Mandy Eve-Barnett's Blog for Readers & Writers

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Creative Edge Author Interview – Shane Wilson

April 8, 2021
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1. How old were you when you wrote your first writing project? What genre was it?

That’s hard to say. I was writing short stories and designing cover art when I was in second grade. I was writing screenplays and making movies in middle school. I published poetry in college. I started writing my first novel, A Year Since the Rain, when I was in my late twenties, I guess. It was a magical realism novel, and it took a few years for me to finish it.

2. Do you have a favorite genre? What draws you to it?

I like contemporary fantasy/ magical realism because I think these genres allow for an interesting exploration of human experience. I appreciate the ways that realistic characters and settings are allowed to bump up against elements of magic.

3. How does your expression differ from your poetry to short stories to novels?

I look for poetic language in everything, so I try to find something poetic in narrative work as well. Obviously, it’s harder to keep this up for 70,000 words than it is in a page of poetry, but I still look for ways to elevate the diction of my prose with poetic language. With poetry, we’re talking about a stricter economy of language—more limitations based on form and so forth. As a rule, though, my poetry plays with narrative and my prose plays with poetry. I like to explore the marriage of different forms.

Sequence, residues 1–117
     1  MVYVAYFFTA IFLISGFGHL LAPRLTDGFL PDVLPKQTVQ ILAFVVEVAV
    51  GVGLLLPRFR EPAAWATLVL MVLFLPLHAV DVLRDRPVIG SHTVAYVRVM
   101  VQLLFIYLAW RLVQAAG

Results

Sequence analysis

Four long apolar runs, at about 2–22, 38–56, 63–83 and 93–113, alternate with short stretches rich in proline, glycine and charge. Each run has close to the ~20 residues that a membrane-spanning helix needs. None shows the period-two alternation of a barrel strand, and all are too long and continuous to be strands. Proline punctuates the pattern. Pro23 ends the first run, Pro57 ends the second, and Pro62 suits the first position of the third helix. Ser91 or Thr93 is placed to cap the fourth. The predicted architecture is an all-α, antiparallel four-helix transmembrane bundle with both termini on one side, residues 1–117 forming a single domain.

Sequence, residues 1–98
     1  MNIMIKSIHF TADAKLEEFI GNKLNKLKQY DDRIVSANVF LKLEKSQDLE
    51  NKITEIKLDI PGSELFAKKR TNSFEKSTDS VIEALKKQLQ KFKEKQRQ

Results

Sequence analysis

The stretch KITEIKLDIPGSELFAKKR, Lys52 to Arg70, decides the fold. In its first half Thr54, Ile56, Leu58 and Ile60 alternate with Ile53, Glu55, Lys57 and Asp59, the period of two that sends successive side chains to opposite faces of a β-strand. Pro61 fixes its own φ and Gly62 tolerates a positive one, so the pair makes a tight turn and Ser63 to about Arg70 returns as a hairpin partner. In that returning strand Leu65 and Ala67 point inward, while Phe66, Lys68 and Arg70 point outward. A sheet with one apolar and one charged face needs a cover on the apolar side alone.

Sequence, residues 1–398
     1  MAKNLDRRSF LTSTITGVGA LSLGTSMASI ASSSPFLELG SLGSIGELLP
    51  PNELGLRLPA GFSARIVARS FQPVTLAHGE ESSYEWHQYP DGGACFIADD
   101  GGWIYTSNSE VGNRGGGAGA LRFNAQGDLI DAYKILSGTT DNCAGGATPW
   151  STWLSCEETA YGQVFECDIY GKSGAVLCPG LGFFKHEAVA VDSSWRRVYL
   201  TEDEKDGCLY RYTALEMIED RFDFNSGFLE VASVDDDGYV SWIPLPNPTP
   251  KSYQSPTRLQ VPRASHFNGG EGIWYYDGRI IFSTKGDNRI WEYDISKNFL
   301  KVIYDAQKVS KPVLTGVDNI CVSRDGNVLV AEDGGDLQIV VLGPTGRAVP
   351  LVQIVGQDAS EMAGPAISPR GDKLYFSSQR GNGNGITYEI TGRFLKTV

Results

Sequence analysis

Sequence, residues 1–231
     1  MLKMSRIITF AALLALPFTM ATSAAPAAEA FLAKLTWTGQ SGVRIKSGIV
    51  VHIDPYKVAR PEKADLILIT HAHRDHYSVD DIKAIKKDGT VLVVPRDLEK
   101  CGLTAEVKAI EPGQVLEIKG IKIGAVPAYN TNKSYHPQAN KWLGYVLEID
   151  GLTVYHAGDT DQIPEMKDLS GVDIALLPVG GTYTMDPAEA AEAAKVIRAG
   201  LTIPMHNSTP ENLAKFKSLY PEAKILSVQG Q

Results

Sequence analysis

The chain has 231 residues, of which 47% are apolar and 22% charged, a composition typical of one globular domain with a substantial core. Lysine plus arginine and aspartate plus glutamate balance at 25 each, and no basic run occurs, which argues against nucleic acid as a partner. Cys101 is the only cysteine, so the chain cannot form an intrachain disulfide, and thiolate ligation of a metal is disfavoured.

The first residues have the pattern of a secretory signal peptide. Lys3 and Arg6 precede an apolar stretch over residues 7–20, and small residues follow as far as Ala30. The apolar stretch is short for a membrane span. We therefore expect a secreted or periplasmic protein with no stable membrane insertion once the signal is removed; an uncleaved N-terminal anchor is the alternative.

4. Magic plays a vital part in your stories – is it a fascination for you?

Like I said before, I think the incorporation of magic in otherwise real settings allows for an interesting exploration of human nature and human experience. If most of the setting and characters feel somewhat familiar, I think readers can buy in a little more. Also, I think the world is full of magic, right? We all experience wonderful and terrible things that we can’t explain. These inexplicable moments are a very human kind of magical experience. That’s how I see it, at any rate.

5. How did you create the characters in your World of Muses Universe?

A lot of my characters are just conflations of real-life people. There are no direct translations of real people, but I definitely mine real life experience for characters.

6.  Are there messages in your stories for your readers? What are they?

Absolutely. These messages vary, but I think that mostly I want readers to consider their relationship with the world, with other people, with creativity, and with their own experience. I’m not prescriptive in my messaging. I just want a reader to think.

7.  You combine music with poetry/stories – how did this idea/collaboration begin?

I wanted to write a story that would explore creativity and the different goals artists might strive toward. I settled on musicians and visual artists (because, again, I don’t want to write things that are too close to home). When I decided to write about musicians, I started teaching myself to play guitar. I wanted to understand what I was writing, and I wanted to be able to describe it in an organic way that would provide the narrative with a realistic texture. In the long run, I fell in love with the guitar and started writing songs. I even wrote some of the songs from that novel. It’s a cool experience to play these songs at live readings. I think it lends an air of legitimacy to the story.